Integrating Electromechanical Actuator Hardware with Receptance Coupling Substructure Analysis for Chatter Prediction on High Speed Machining Centers

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dc.contributor.advisor Melur K. Ramasubramanian, Committee Member en_US
dc.contributor.advisor Gregory D. Buckner, Committee Chair en_US
dc.contributor.advisor Eric C. Klang, Committee Member en_US
dc.contributor.author Kiefer, Aaron Joseph en_US
dc.date.accessioned 2010-04-02T18:16:58Z
dc.date.available 2010-04-02T18:16:58Z
dc.date.issued 2004-07-18 en_US
dc.identifier.other etd-04162004-161118 en_US
dc.identifier.uri http://www.lib.ncsu.edu/resolver/1840.16/2737
dc.description.abstract Machine tool chatter imposes limitations on the productivity and quality of modern high speed machining (HSM) operations. It has been shown that chatter prediction and avoidance strategies can lead to increased machining productivity if certain modal characteristics of the machine are known. The objectives of this research are twofold. The first aim is to design and demonstrate a non-contacting electromechanical actuator (EMA) to easily and accurately identify these characteristics. Design specifications for this actuator reflect a wide range of machine tools and operating conditions. A simulation-based design strategy is employed, based on traditional electromechanical analysis, finite element analysis (FEA), and computer simulations to ensure performance meets the design specifications. A prototype EMA system is built to validate the analytical results and demonstrate its capabilities as part of an automated chatter prediction and avoidance system. The EMA is shown to generate the required modal characteristics, namely frequency response functions (FRFs) quickly, accurately, and with fewer technical skill requirements than other vibration testing methods. Experimental machining tests demonstrate that the EMA can be an effective component of an integrated chatter prediction and avoidance system. The second goal is to investigate the feasibility of extending receptance coupling substructure analysis (RCSA) theory to tool-point FRF prediction. Inverse and forward RCSA algorithms are developed using Matlab software. FRF prediction is first evaluated in simulation and later tested with experimental results from the EMA actuator. RCSA prediction in simulation is correct; experimental results are highly susceptible to input error. en_US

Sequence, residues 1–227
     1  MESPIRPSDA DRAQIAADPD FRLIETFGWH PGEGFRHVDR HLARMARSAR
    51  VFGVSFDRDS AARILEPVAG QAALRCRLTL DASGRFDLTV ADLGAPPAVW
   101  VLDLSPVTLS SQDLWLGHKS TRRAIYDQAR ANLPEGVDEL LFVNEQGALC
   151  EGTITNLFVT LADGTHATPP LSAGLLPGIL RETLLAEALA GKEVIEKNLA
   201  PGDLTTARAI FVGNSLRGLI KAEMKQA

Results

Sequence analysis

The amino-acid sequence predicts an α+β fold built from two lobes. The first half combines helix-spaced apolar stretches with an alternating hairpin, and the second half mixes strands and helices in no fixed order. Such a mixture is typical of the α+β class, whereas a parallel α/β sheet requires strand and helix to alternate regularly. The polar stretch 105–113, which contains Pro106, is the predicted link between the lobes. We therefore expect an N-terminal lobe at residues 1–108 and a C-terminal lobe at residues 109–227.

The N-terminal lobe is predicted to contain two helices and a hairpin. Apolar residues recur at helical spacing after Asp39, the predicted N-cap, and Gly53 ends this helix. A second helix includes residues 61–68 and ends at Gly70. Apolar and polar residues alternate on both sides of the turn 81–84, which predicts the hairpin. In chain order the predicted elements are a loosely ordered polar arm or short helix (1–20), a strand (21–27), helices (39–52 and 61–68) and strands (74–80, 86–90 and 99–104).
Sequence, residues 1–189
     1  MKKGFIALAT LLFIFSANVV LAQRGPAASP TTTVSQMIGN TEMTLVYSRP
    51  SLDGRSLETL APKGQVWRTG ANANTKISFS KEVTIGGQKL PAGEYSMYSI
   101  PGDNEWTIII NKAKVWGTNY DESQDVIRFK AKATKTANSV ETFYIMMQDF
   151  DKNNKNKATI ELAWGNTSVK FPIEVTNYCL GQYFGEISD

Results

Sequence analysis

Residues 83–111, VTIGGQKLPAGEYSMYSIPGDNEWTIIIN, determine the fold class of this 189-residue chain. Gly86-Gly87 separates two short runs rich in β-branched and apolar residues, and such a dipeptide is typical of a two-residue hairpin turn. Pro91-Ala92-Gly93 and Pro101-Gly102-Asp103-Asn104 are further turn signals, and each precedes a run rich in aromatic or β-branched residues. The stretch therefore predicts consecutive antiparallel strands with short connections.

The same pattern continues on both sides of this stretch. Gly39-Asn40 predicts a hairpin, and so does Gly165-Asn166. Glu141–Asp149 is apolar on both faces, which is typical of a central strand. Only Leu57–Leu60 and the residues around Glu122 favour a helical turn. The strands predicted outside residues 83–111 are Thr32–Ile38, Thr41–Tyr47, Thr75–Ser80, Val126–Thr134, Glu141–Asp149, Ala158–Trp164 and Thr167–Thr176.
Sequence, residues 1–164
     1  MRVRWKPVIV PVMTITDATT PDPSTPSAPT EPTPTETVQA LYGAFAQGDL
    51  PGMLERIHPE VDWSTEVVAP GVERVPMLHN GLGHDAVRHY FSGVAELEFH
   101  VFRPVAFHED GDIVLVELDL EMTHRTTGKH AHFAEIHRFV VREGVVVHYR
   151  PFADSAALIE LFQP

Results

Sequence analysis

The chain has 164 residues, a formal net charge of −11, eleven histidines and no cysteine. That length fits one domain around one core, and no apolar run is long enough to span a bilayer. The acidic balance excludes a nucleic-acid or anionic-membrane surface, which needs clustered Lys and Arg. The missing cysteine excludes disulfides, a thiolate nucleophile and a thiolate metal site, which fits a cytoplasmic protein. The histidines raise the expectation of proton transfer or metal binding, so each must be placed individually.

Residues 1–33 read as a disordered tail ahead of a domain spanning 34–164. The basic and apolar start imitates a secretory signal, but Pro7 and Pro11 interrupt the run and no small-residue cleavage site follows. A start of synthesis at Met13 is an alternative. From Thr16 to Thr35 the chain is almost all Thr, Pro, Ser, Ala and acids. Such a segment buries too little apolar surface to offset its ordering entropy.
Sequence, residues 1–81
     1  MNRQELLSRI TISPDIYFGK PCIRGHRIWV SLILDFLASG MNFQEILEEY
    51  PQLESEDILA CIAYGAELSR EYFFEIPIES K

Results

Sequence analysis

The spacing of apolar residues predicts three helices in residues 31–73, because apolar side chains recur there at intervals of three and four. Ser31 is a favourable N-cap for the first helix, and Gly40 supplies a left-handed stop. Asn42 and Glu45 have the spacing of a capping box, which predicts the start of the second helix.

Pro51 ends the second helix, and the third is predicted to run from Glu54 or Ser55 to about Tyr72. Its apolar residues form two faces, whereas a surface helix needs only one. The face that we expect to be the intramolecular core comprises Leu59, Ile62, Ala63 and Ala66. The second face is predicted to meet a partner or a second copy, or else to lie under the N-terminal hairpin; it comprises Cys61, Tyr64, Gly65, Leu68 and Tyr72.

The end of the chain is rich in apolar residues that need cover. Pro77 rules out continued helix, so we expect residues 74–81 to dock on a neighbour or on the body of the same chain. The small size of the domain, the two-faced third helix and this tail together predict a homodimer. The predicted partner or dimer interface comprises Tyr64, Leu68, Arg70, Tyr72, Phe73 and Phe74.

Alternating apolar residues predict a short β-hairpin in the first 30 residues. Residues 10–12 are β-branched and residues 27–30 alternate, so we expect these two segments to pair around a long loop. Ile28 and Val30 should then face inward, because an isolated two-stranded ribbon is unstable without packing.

dc.rights I hereby certify that, if appropriate, I have obtained and attached hereto a written permission statement from the owner(s) of each third party copyrighted matter to be included in my thesis, dissertation, or project report, allowing distribution as specified below. I certify that the version I submitted is the same as that approved by my advisory committee. I hereby grant to NC State University or its agents the non-exclusive license to archive and make accessible, under the conditions specified below, my thesis, dissertation, or project report in whole or in part in all forms of media, now or hereafter known. I retain all other ownership rights to the copyright of the thesis, dissertation or project report. I also retain the right to use in future works (such as articles or books) all or part of this thesis, dissertation, or project report. en_US
dc.subject Chatter en_US
dc.subject High Speed Machining en_US
dc.subject Frequency Response Function en_US
dc.subject Receptance Coupling Substructure Analysis en_US
dc.subject Electromechanical Actuator en_US
dc.title Integrating Electromechanical Actuator Hardware with Receptance Coupling Substructure Analysis for Chatter Prediction on High Speed Machining Centers en_US
dc.degree.name MS en_US
dc.degree.level thesis en_US
dc.degree.discipline Mechanical Engineering en_US


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